Monday, January 22, 2007

Films that Should’ve Stayed in the Jurassic Era 04.07.00

It’s Yabba-dabba-doo time again at the cinema. The modern Stone Age family and the family down the street return courtesy of Fred’s two feet in The Flintstones…in Viva Rock Vegas. The second installment in Universal’s franchise, Viva Rock Vegas will lock triceratops horns with Disney’s Dinosaur for antediluvian domination this summer.

Prehistory has historically performed well at the box office, but for every Jurassic Park, there has been a Triassic Flop, for every Quest for Fire, a Quest for Story. Some fossilized features have failed financially, while still other hoary stories were simply horrid to begin with. Here are the best of the worst.

Prehistoric Women (1950)
This inspired piece of Stone Age-sploitation comes from Gregg G. Tallas, the genius Greek director behind the 1965 classic Bikini Paradise and one of three directors involved in the legendary Satan’s Supper. Kama, Nika, Eras, Tigri, Arva, Lotee and Tana need mates. Naturally, the generously endowed beauties don animal skin lingerie and grunt their way through a treacherous journey to find homo erectus husbands.

One Million Years B.C. (1967)
Not to be confused with the 1940 Hal Roach version of the same story, One Million Years B.C. is memorable for three things: Ray Harryhausen’s stunning dynamation effects and Raquel Welch in “mankind’s first bikini!”

When Dinosaurs Ruled the Earth (1970)
As any fourth grader can tell you, when dinosaurs ruled the earth, there were no humans, but far be it for that to stop screenwriter/director Val Guest from introducing us to the Sand Tribe, a clan of attractive, half-naked cavemen and women who flee in terror from Cro-Mag-eating dinosaurs. All except Tara, who trains one of the reptiles to be her beastie-of-burden. When Dinosaurs… was adapted from an idea by counterculture sci-fi writer J.G. Ballard, a man who should know better.

The Land That Time Forgot (1975) and The People That Time Forgot (1977)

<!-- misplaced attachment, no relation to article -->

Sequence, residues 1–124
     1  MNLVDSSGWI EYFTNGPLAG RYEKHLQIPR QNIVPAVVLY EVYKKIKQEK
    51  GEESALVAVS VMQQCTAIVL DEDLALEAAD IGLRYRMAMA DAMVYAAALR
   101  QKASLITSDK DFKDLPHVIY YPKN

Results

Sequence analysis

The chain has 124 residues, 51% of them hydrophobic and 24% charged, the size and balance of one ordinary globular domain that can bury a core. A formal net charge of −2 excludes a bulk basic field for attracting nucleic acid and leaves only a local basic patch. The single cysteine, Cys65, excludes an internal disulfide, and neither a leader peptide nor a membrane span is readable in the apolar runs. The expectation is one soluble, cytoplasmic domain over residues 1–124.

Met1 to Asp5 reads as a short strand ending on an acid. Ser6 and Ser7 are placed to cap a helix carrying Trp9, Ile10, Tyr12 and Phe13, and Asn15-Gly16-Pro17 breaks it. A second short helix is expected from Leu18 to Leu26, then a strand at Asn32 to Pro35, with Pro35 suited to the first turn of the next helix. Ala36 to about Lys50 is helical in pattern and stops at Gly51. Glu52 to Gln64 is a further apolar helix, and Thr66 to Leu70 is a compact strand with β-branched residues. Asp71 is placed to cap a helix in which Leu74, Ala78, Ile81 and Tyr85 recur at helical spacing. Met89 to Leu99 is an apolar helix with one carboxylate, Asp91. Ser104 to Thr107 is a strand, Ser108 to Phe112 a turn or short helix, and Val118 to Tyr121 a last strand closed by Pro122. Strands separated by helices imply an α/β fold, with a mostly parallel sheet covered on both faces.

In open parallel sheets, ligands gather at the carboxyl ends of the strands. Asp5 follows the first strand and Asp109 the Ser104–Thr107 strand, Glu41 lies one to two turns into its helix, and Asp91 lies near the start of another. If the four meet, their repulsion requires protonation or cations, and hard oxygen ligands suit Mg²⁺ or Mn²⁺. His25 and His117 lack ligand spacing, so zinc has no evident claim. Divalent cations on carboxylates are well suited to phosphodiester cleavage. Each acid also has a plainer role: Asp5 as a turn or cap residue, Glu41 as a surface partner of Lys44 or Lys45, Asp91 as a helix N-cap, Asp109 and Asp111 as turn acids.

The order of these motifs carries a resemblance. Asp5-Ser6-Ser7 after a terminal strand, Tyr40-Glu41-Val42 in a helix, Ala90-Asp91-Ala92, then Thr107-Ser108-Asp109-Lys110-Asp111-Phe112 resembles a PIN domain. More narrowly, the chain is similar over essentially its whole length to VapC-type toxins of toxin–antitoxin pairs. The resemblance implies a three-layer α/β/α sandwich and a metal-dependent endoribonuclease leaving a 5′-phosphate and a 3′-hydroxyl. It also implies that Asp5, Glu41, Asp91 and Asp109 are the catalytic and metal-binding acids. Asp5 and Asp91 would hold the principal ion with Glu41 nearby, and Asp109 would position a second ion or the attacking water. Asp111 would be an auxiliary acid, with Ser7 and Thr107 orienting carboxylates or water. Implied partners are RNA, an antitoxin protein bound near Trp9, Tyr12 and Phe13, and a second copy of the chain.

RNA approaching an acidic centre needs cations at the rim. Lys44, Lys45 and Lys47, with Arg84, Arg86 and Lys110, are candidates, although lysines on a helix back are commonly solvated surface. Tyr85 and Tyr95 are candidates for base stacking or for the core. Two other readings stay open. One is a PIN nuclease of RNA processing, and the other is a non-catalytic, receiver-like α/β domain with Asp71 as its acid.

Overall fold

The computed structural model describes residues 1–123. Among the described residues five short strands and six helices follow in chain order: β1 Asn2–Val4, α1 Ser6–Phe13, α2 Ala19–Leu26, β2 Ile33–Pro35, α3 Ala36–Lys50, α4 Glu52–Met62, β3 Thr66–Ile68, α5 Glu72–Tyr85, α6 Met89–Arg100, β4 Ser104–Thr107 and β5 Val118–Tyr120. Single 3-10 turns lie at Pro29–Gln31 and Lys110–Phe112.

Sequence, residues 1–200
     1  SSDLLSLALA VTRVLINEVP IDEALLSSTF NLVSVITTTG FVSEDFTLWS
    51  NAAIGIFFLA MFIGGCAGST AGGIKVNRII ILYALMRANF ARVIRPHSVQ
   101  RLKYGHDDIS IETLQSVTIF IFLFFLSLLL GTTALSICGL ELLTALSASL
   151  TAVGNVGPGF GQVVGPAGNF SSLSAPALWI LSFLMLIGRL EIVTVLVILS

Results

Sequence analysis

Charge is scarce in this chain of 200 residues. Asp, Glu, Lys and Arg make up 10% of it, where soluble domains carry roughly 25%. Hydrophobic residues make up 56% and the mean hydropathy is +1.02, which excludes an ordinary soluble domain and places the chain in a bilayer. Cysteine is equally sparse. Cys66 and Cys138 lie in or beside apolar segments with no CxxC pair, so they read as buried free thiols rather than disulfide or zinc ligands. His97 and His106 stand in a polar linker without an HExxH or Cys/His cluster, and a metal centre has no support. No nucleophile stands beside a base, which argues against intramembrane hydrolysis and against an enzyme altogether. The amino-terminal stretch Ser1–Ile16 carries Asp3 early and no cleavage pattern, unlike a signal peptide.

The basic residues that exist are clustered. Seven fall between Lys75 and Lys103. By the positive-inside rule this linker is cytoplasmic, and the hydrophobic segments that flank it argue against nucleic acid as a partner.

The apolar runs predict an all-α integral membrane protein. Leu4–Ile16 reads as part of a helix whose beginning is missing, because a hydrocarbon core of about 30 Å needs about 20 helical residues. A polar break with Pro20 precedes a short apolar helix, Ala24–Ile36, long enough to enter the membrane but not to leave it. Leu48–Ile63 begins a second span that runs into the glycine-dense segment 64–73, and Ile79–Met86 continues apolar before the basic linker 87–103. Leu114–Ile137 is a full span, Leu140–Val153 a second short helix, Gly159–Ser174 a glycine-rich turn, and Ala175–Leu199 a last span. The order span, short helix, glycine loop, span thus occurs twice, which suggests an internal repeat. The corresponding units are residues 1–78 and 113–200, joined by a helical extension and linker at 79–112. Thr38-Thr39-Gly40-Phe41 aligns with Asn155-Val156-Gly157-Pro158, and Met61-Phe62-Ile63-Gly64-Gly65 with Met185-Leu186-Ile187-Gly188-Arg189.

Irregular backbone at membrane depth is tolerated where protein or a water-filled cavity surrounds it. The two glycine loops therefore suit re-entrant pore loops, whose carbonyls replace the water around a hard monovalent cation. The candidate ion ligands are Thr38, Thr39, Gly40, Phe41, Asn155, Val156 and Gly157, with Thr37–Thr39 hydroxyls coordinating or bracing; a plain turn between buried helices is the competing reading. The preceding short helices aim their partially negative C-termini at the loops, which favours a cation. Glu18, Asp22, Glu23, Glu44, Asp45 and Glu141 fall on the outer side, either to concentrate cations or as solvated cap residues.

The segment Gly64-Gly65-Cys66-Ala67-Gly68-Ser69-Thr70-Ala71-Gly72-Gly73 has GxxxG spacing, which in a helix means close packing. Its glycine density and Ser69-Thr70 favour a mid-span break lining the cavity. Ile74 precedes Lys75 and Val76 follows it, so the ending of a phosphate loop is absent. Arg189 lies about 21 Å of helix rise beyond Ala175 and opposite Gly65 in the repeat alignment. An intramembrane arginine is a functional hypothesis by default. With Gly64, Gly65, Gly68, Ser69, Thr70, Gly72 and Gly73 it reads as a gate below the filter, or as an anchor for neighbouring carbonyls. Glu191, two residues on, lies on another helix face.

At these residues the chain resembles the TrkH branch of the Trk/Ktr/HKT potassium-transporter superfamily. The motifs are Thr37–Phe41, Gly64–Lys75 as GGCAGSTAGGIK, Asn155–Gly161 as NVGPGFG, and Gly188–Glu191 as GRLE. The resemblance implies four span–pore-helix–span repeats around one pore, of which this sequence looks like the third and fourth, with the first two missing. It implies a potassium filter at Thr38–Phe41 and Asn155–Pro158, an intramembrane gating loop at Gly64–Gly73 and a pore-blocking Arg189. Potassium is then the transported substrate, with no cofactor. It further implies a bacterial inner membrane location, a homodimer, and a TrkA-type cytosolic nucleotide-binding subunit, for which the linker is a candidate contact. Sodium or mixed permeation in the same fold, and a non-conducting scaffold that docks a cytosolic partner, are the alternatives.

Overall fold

Adapted from the Edgar Rice Burroughs’ fantasy novels of the same names, this twin pairing stars Doug McClure, which is really all that needs to be said on the matter. However, for the sake of giving discredit where discredit is due, McClure plays an American prisoner-of-war being transported by a German U-boat that veers off course and onto an uncharted island inhabited by dinosaurs, cavemen and a Paleolithic oil refinery. The Movies That People Forgot are one of my guiltiest pleasures.

Caveman (1981)
Legendary among Beatles fans and comedy fans alike for being a slap in the face to both, Caveman stars Ringo Starr, Dennis Quaid, Shelley Long, John Matuszak and Avery Schreiber in a “parody” of prehistoric epics. The people--or rather, the person--who loved Night Court’s Bull should watch for actor Richard Moll as the abominable snowman. Or skip it and watch Night Court instead. Caveman is summed up by its most memorable line, “Doo-doo.” “Caca.” “Sh*t.”

The Clan of The Cave Bear (1986)
I’m not at all opposed to watching a naked Daryl Hannah grunt and gesture her way through two hours of Neanderthal-speak, but there’s only so much attention even a naked Daryl Hannah can warrant. Adapted by John Sayles from the phenomenally successful Jean M. Auel novel, The Clan of the Cave Bear sat like a rock at the box office. Perhaps audiences couldn’t buy the proto-feminist theme of the film when Daryl Hannah’s teased tresses made her look like a heavy metal video threw up.

The Flintstones (1994)
From every writer who ever worked in Hollywood and the director who brought us Problem Child 2 and Beethoven, starring John Goodman, Rick Moranis, Elizabeth Perkins and Rosie O’Donnell based on a cartoon that was never very good, comes an abysmal family comedy that miraculously grossed $358 million worldwide. The most memorable thing about this movie was that Burger King ran a cross-promotion that featured Brontoburgers.

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